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06 September 2016

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Matthew

Col: In light of this new Turkish/FSA zone separating the two Kurdish cantons, won't the FSA use this zone to attack Aleppo from the East?

turcopolier

Matthew

I have been concerned about that for some time. The Russian/Turkish agreement may preclude that. pl

Matthew

Col: In a prior post, you mentioned the different philosophies of the US Army and USMC on fortifications/outposts.

Could you recommend some good reading on that subject? Thank you.

turcopolier

Matthew
The marines here will have something to say but It has always been clear to me that the army is inclined to fight battles in which materiel plays a larger role. IMO USMC has always seemed averse to digging in enough in defensive situations. I don't have any references to give you. pl

Peter

I disagree on a small point about Turkey and their buffer zone. So far the Jarabalus "corridor" along the border with Turkey has served as THE supply line for ISIS. Weapons and supplies flow freely to the south, while oil shipments flow to the north. Why are we supposed to believe that because Turkey is moving their border further south to Bab that all of a sudden this will end? I see it as quite the opposite. By moving their border further south to Bab, Turkey is actually ensuring that ISIS will continue to have a dependable supply line from Turkey (this time it will go through the "moderate" zone they are creating). I understand that Erdogan and Putin may have agreed on Aleppo, but I see no indication that Erdogan has completely abandoned ISIS. I hope I'm wrong

Don Hank

My hat is off to you, Col. Thanks very much! Now the only thing that could go wrong with your expectations is Erdogan. He holds a lot of cards.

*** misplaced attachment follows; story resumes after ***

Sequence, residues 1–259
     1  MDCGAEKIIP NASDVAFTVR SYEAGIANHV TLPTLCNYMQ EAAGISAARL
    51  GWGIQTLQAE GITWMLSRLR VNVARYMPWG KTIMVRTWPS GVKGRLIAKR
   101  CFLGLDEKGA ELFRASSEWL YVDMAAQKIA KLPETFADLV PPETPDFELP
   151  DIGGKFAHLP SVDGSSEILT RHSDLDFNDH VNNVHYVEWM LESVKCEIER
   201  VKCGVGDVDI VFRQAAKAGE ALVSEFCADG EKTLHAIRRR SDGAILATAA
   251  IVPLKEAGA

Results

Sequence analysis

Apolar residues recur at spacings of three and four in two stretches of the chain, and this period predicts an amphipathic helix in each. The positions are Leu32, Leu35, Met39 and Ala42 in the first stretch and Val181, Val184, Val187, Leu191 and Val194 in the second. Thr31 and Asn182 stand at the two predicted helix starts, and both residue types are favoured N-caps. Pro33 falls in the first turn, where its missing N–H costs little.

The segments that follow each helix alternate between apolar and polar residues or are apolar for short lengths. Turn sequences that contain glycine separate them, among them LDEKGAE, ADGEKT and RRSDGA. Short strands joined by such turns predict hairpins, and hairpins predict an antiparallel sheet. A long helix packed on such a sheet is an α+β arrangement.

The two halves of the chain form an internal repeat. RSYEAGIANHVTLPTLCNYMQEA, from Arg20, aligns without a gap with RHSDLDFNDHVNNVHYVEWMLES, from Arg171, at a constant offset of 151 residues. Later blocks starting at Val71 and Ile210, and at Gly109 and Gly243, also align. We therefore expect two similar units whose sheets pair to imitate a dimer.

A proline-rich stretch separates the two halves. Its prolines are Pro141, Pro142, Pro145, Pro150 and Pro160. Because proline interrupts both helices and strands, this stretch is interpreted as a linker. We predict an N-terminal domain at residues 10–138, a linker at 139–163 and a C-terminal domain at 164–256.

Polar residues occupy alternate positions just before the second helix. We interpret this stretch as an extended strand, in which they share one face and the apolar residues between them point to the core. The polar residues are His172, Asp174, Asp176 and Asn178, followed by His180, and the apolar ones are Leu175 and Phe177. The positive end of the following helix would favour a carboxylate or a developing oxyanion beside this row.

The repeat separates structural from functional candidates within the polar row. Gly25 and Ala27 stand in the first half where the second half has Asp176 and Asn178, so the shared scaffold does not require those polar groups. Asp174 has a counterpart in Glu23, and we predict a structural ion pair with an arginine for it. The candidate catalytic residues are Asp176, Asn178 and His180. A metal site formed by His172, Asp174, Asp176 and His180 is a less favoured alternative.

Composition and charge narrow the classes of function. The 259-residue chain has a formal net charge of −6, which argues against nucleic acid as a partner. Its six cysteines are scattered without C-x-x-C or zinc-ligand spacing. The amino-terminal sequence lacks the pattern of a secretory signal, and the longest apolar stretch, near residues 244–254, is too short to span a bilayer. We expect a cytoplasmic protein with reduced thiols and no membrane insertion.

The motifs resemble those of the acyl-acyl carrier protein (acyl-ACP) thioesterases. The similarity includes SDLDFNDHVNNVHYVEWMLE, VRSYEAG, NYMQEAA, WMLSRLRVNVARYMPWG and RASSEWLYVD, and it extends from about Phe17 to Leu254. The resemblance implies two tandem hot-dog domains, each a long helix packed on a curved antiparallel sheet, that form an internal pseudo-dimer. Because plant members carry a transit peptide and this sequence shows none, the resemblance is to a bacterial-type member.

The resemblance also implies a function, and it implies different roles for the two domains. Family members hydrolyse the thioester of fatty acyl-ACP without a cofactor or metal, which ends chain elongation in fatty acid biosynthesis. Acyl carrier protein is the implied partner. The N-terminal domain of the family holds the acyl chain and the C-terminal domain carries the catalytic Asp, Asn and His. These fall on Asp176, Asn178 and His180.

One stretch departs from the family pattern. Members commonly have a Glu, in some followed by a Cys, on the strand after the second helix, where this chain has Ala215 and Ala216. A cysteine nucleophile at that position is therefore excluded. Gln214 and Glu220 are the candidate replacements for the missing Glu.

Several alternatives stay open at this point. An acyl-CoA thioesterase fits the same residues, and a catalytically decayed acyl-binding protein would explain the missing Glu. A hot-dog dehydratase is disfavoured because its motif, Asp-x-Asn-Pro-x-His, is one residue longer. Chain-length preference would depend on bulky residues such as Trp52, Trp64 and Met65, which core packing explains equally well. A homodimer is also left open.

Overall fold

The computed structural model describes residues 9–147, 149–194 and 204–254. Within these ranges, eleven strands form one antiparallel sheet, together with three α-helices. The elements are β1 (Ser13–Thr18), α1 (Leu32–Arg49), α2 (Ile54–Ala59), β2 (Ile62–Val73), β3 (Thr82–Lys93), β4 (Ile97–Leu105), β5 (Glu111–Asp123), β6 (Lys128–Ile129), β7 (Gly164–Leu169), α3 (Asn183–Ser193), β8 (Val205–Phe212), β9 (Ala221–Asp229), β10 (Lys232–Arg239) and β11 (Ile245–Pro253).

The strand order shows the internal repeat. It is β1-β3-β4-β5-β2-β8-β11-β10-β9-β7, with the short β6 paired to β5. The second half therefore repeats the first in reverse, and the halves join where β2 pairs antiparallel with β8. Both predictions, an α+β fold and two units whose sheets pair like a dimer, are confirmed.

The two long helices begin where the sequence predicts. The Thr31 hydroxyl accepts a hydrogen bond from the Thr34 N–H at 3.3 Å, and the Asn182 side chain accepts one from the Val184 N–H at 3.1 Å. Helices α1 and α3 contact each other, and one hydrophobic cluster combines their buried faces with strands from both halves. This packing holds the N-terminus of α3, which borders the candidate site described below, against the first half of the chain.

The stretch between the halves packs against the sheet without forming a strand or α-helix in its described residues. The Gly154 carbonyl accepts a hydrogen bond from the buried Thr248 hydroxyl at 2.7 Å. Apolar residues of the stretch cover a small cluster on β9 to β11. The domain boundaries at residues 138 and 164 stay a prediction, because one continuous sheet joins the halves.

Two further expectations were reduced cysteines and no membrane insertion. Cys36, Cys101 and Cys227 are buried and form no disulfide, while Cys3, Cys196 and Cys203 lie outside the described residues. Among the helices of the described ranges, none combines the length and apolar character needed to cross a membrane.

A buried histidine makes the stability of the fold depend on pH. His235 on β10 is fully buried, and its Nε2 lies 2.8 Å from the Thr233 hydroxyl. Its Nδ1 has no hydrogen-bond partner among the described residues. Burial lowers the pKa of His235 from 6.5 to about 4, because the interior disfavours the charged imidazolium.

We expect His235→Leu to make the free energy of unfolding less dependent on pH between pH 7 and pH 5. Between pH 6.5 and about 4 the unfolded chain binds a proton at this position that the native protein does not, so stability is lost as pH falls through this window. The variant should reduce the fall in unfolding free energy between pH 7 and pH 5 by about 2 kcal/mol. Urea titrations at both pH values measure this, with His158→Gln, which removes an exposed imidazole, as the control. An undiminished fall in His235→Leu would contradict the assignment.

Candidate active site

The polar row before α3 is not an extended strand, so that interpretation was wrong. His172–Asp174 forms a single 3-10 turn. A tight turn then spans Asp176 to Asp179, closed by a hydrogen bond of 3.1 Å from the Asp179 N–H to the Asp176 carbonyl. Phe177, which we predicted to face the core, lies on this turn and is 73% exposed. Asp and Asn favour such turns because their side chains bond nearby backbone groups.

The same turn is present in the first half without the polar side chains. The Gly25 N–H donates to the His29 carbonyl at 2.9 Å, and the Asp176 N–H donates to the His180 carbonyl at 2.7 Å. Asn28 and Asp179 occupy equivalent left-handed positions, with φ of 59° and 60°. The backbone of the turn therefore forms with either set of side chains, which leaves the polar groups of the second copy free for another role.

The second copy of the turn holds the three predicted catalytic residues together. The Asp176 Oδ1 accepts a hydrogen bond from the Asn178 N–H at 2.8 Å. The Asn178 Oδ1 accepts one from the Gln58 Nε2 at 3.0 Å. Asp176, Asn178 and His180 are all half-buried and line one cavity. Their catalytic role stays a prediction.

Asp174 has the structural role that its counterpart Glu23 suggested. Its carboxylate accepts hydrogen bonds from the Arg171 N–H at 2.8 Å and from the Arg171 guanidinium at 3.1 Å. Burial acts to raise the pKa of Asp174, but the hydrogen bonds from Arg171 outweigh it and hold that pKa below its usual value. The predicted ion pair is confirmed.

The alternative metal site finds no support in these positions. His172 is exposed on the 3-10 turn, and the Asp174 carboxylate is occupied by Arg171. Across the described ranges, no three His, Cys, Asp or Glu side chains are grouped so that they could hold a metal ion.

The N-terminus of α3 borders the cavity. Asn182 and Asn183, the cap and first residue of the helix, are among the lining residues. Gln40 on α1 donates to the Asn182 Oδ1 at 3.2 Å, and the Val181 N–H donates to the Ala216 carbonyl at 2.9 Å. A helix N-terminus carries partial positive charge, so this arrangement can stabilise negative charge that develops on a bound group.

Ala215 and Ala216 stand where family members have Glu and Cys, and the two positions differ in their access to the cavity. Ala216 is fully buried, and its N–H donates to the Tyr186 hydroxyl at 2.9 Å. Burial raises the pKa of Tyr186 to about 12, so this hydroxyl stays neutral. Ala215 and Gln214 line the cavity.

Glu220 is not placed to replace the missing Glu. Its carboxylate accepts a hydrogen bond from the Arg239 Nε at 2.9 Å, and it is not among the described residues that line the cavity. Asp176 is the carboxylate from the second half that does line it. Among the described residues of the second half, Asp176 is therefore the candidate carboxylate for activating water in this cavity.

turcopolier

Don Hank

A lot of cards? Yes, but excessive cleverness and trickery could end up with them amounting to a dead man's hand. pl

Babak Makkinejad

A US-Iran strategic settlement as well as US-Russia strategic settlement will pulverize many of those cards.

Willy B

I saw that picture at the time. I can't say for certain that it was taken in Aleppo, but I am certain it was for show because, as someone else points out, here, you can't feed 200,000 people (if there really are that many people in east Aleppo) with a few pickup truck loads of melons and bananas.

Willy B

Perhaps, but that's not way Obama was humiliated in China. He was humiliated in China because he has nothing to offer the rest of the world other than geopolitical confrontation and trade war. With the exception of certain interests in Europe, nobody wants that stuff anymore. What they want is the Silk Road to the future and its the Chinese who are offering that.

Thomas

"... I see no indication that Erdogan has completely abandoned ISIS."

He did the day three Islamic Staters blew themselves up in Ataturk Airport. Any jihadi group wanting Turkish assistance will have to receive the Brotherhood seal of approval and with it follow the instructions of Big Brother Tayyip, which is this war is coming to a close.

Thomas

"Yes, but excessive cleverness and trickery could end up with them amounting to a dead man's hand."

Considering the Sultan's neck was heading down the line to the spinal cranial slicer I would not see him trying anything with players that matter now that he has been given a reprieve. A turn against the Wahhabis so he can solidify the Brotherhood as the legitimate leaders of Sunni Islam would be the one card to play.